NBA Commissioner David Stern, in Houston to attend Game 6 of the Lakers-Rockets series, took questions from assembled media members about 25 minutes before the scheduled 8:30 p.m. local tipoff.
Predictably, most of the questions from the media tended towards the negative (refs, economy, flagrant fouls), but Stern managed to get a few positive notes in there. Here’s a rough transcription that I typed while he was talking:
Q: On if anything’s surprised him thus far:
Stern: Obviously when the Bulls took Boston to seven games, it was surprising, and the dominance thus far of Cleveland has been surprising. Houston’s victory after losing Yao was a fascinating example of how a team can be motivated. It’s a demonstration of how talented the players in this league are.
Q: On the Dallas – Denver situation between Mark Cuban and Kenyon Martin:
Stern: I take full responsibility for the non-league action. I had spoken to Billy Hunter and Mark Cuban … I called Billy and said what went on there was not anything I was proud of, but I thought there was an attempted apology in the blog – which is the way Mark communicates – but I thought some (other form of apology) was necessary. This was not something that I was particularly proud of … It’s a wake up call to tread carefully.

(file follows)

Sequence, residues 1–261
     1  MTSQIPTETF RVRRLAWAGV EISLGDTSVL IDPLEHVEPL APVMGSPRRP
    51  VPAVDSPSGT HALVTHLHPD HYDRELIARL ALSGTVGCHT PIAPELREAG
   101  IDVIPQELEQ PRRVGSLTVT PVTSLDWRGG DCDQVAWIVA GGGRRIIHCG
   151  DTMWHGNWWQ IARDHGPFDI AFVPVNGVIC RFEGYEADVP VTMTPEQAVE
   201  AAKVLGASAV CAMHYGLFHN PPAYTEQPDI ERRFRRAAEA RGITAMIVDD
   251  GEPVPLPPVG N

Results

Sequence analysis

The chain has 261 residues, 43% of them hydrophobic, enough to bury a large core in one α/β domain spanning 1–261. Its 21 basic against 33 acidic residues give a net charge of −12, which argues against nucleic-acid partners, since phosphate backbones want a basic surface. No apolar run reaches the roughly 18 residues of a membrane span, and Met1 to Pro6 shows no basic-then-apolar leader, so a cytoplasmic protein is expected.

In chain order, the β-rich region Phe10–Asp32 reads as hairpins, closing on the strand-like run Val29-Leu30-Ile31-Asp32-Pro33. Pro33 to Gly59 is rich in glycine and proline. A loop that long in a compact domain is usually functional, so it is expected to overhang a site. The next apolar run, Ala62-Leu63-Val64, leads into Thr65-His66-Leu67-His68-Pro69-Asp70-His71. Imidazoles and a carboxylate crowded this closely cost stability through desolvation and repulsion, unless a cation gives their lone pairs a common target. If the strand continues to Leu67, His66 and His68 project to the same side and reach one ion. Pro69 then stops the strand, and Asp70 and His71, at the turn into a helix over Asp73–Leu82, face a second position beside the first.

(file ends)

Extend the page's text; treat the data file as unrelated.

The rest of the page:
Q: On flagrant fouls:
Stern: I’m depending upon my broadcasters to take care of that. We need to do a better job as well if people are confused, but we would hope that our broadcast partners would put the rule up, understand it and indicate how (tough it is). It’s the most difficult sport to referee.
Q: On what he’s thinking about at the moment:
Stern: I’m a little bit disappointed that the competition committee hasn’t been more active on the instant replay; the other thing I’d like to discover is arena security in the broad context but yet maintain the intimacy, which sets us apart in a good way.
Q: On the NBA this season:
Stern: We had a great year. The game has opened up … It is faster moving. Scoring has gone up, and we’ve worked hard to eliminate the isolation … I want to see the world’s most gifted athletes going at it. We’re not going back (to a more physical style) on my watch.
Q: On economy affecting the league:
Stern: I think I’m concerned about the business of sports, because there’s no business I know that hasn’t been under pressure. Right now our renewals are pretty much on pace with last year … I think we’re going to have good attendance next year. Revenue might be a bit down because teams are lowering prices, but we (will be OK).
Stern: Let me end on a positive note: I think the game looks great. I think the 1st, 2nd and 3rd team All League, watching these players grow coming out of the Olympics, the team has been a joy to be apart of.